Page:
Kentville to dip into reserves for nor’easter cleanup

Kirk Starratt
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The Town of Kentville has exceeded its snow removal budget for 2013-2014 and will have to access reserve funding to pay for the cleanup from the March 26 blizzard.

Kentville's mayor says he is always concerned when the year’s snow removal budget has been exceeded.  However, Kentville Mayor Dave Corkum said the town uses a five-year average when budgeting, so even when there is an exceptionally rough winter such as this year, it tends to even out over time.

“We plan for these things,” Corkum said. “We have reserves to cover that.”

Although the budget might be exceeded one year, there are others when snow removal comes in under budget. Corkum said savings are used to maintain the reserve in this scenario.

The town spent as much for snow removal to the end of December this fiscal year as it did for the entire winter last year. Corkum said the town had a small deficit for snow removal before the March 26 nor’easter. He estimated the storm, expected to bring as much as 30 centimetres of snow, could end up costing Kentville between $10,000 and $30,000.

“This is not a surprise,” Corkum said. “It’s a disappointment, but not a surprise.”

Engineering and public works director Fred Whynot said the town’s snow removal budget was $252,000 for 2013-2014. Prior to the March 26 storm, the department as over by about 10 per cent. However, he concurred that the town maintains a snow removal reserve, based on a five year average, in case of an above average year.

He said the town has lots of salt and had plenty of warning about the storm, which allowed public works to prepare.

“Our usual level of service will not be reduced because of storms or budget,” Whynot said. “Public safety comes first.”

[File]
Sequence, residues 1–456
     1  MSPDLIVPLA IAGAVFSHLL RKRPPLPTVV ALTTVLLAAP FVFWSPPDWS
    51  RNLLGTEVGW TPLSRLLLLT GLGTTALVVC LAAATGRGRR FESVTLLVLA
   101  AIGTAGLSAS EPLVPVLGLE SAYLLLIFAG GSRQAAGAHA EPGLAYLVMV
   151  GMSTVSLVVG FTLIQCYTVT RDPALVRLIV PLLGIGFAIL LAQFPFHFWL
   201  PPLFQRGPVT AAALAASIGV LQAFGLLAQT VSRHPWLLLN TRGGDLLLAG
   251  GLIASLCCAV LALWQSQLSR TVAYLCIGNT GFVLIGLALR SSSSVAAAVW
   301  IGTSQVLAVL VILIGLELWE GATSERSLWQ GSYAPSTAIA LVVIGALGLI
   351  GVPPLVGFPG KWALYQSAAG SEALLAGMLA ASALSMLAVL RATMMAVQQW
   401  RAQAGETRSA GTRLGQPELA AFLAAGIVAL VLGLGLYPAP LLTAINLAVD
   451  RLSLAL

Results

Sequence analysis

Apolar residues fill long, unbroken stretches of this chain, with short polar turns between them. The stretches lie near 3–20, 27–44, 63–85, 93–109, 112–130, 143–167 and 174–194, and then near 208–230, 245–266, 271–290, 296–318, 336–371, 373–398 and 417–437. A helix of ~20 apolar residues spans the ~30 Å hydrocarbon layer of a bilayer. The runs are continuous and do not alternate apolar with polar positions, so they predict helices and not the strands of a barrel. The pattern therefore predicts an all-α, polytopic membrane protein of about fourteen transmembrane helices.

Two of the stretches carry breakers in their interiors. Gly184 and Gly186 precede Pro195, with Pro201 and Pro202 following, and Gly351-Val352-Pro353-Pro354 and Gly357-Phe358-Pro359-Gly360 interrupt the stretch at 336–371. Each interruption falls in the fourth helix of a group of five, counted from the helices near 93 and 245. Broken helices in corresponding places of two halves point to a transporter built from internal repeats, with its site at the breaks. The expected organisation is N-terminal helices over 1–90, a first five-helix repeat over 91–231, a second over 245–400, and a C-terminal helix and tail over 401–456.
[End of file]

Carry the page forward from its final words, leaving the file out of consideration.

He said his department has the “usual plans” for cleaning up from the March 26 storm.  Vehicles are serviced, a generator is in place, salt and parts inventories are ready, road right of ways have been checked for obstacles that might impair snow removal and coordination and contingency plans with snow removal contractors are in place.

He said Kentville’s snow removal and water utility crew have from between five to just over 25 years experience as town employees.  The storm is nothing new to them.

“If the travelling public do not need to be out though, we would appreciate it if they would stay at home as we do our work, as visibility isn't great,” Whynot said. “Our priority will be main routes for emergency services.”

Corkum said the town works closely with County of Kings manager of protective services Brian Desloges. The Regional Emergency Management Organization is “all set up and ready to go” if emergency shelters are required in the event of a prolonged power outage from the March 26 storm.

Whynot reminds residents that the general rule of thumb is to be prepared with enough supplies for 72 hours.

 

Organizations: Protective Services Brian Desloges, Regional Emergency Management Organization

Geographic location: Kentville

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